This right differs from the right to take time off during an emergency in that it is intended to cover foreseeable events such as hospital appointments or visits to new schools. From March 8th 2013, parents will be able to take a total of 18 weeks parental leave from the time of their return to work after maternity/paternity leave to their child's 18th birthday. (At the current time it's 13 weeks up to the child's 5th birthday except in special circumstances). An employer is only obliged to permit an employee to take a maximum of 4 weeks leave per year (although they may choose to give more).
With reference to this legislation, the term 'week' refers to the number of hours an employee habitually works per week, hence for part-time workers a week may equate to 20 hours or 2.5 work days. This leave is unpaid and is calculated per child rather than per year or per job. Therefore, if an employee takes 4 weeks leave in the first year after their child's birth, they have a total of 14 weeks leave to take until the child's 18th birthday. It should also be noted that this leave is not intended (or remotely sufficient) to grant employees the automatic right to time off during the school holidays.
Working parents may also be eligible for government sponsored benefits and tax credits.
To qualify for working tax credits, single parents need to be working a minimum of 16 hours a week, while couples need to be working a minimum of 24 hours per week between them with one parent working at least 16 hours a week. It is acceptable for only one half of a couple to work provided that the working parent works at least 24 hours. There are some exceptional circumstances in which couples may qualify for working tax credits with fewer than 24 weekly working hours between them, but even in these circumstances, one half of the couple must be working at least 16 hours a week.
To claim working tax credit, it should be expected that the employment will continue for at least 4 consecutive weeks and the credit will stop if a strike continues for more than 10 consecutive days. Under normal circumstances, it will be possible to continue to claim working tax credit for temporary absences from jobs such as illness or for brief periods (of less than 4 weeks) between jobs. At the current time, the standard amount of working tax credit is up to £1,920 a year although more or less may be granted depending on circumstances.
Working tax credit is available to self employed people; however as with all matters relating to self employment and tax, the onus is very much on the self employed individual to keep complete and accurate records of hours worked and earnings to back up any claim.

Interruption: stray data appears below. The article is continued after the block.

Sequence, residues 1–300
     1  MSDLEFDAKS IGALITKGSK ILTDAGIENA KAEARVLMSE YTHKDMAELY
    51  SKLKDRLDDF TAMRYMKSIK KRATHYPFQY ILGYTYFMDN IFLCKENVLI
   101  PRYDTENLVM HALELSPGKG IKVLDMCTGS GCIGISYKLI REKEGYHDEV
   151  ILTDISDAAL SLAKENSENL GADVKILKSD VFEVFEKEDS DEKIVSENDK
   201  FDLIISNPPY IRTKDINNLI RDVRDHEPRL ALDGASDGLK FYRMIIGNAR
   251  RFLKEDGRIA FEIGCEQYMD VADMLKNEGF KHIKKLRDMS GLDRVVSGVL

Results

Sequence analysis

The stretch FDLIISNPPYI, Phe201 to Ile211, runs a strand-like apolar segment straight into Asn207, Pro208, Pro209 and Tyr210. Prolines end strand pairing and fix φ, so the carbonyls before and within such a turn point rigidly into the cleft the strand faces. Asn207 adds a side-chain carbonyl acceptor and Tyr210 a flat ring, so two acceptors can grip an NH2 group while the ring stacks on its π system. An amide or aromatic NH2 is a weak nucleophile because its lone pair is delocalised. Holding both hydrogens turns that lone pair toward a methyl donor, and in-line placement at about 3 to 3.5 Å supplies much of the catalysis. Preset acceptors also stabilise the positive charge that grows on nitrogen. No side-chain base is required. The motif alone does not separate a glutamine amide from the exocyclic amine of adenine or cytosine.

Child tax credits are payable to people who have the main responsibility for taking care of a child until the 31st August after their 16th birthday or until they are 20 if they are in recognized education or training. Only one household can claim child tax credits for any child, so in cases where a child spends significant time in more than one household, the households concerned will need to take a joint decision on which of them will claim the child tax credit. In cases where no agreement can be reached, the Tax Office will adjudicate. It is very complicated to work out how much child tax credit may be payable, however there are a number of online calculators which may help.
Fortunately, the process for claiming child tax credit is identical to the process for claiming working tax credit and people who apply for one are automatically assessed for the other. At the current time, tax credits can only be claimed by calling the HMRC helpline rather than making a claim online.
Unlike tax credits, child benefit is payable to all parents (working or otherwise) who are ordinarily resident in the UK. Mothers who give birth in a hospital in the UK are automatically given the required form to claim child benefit; other people may download the form from the Internet. In either case, the form needs to be returned by post. At this time, it is still not possible to claim online.
Working parents on low incomes may be eligible for Healthy Start Vouchers which are currently worth £3.10 a week. Parents with a child under one qualify for two vouchers per week and then for one voucher per week until the child is four. These vouchers are intended to assist with the purchase of healthy food, in particular fruit and vegetables.